One of the first things President Obama did after he took office was put out a memo that basically said: Don't mess with science.
The March 9, 2009, memorandum stated that "political officials should not suppress or alter scientific or technological findings and conclusions" and said all government agencies should have appropriate rules and procedures to safeguard the scientific process.
Nearly three years later, only a few have finalized new policies — though they're starting to be put to the test.
Businesses keep vast troves of data about things like online shopping behavior, or millions of changes in weather patterns, or trillions of financial transactions — information that goes by the generic name of big data.
Syracuse coach Jim Boeheim (above), two days after sexual abuse allegations against a former assistant were made public, and Detroit Mayor Dave Bing (below), during a youth leadership event last year, played alongside each other in the 1960s.
Credit Nate Shron / Getty Images
It is not uncommon for outstanding athletes to succeed in later life, but it is rare for teammates, literally playing side by side, both to be in the spotlight almost half a century later.
But such is the case with two old boys from Syracuse, who were roommates as freshmen, went on to become the starting backcourt, saw their lives diverge after college — and now, at an age when most men have retired, are facing two very different but very painful challenges in the professions they've chosen, in the places they love.
Rep. Barney Frank, the long-time liberal voice (and a fast-talking, brusque one at that) who announced he won't be running for re-election, discussed with NPR's Guy Raz, co-host of All Things Considered, the items of unfinished business he plans attend to during his remaining year in Congress.
Alabama Gov. Robert Bentley is among several GOP governors accepting grant money to set up health insurance exchanges while also challenging the health overhaul law in court.
Credit Dave Martin / AP
Obama administration officials have announced another round of grants to states to help build the insurance marketplaces, called "exchanges," that will help individuals and small businesses buy health insurances beginning in 2014.
But the real news is who's getting the $220 million. Nine of the 13 states in this round of grants are headed by GOP governors.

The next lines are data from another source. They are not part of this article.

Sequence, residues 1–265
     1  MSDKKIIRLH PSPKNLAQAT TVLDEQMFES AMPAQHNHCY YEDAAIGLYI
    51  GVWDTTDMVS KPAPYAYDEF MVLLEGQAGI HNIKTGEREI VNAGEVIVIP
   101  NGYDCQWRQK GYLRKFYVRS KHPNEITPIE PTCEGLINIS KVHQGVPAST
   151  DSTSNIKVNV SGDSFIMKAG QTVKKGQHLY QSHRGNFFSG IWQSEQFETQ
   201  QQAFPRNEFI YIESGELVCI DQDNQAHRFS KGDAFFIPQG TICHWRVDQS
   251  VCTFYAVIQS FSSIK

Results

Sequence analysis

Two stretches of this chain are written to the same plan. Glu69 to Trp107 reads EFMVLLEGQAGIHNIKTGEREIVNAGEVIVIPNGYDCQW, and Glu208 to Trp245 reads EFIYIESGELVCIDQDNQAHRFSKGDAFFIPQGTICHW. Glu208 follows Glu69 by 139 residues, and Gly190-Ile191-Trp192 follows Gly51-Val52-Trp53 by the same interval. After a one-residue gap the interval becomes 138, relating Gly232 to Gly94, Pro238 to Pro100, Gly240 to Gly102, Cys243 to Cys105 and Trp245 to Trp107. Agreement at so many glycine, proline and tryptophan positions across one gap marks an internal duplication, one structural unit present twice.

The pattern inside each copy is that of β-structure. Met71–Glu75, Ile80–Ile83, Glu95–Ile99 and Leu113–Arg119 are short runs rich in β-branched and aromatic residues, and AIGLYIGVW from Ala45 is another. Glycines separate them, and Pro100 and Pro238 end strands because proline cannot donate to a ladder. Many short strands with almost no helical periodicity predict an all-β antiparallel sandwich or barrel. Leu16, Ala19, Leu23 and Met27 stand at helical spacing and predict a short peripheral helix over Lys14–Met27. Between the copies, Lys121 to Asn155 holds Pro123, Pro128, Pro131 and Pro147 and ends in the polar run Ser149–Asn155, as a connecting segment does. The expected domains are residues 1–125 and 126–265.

The Mercedes-Benz Superdome lit up at night in New Orleans on Oct. 20.
Credit Chris Granger / The Times-Picayune
The Superdome is one of those pieces of distinctive architecture that immediately gives you a sense of place. Obviously, most recently the Superdome was the backdrop for tragedy, when it became a shelter-of-last-resort during Hurricane Katrina.
But over the past few years, it's gotten quite a makeover. It culminated last month, when new LED lights were installed on its exterior and it was emblazoned with the corporate logo of Mercedes-Benz, which acquired naming rights this year.
Herman Cain leaves the Big Sky Diner on Nov. 10, 2011 in Ypsilanti, Mich.
Credit Scott Olson / Getty Images
Herman Cain's decision to reassess the status of his Republican presidential campaign in the wake of allegations he engaged in a long-term extramarital affair raises questions beyond will-he-or-won't-he drop out.
One of the big ones?
Which candidate in the still-crowded GOP field would benefit most if Cain ends his White House quest?
We put that question to Republicans in the early contest states of Iowa, which will hold its caucuses Jan. 3, and New Hampshire, where the nation's first primary will be held Jan. 10. What we heard wasn't all that surprising.
Scott Amron really doesn't like peeling those little stickers off fruit from the grocery store. "They're pesky and annoying and they create waste," he tells The Salt. So, he decided to do something about it.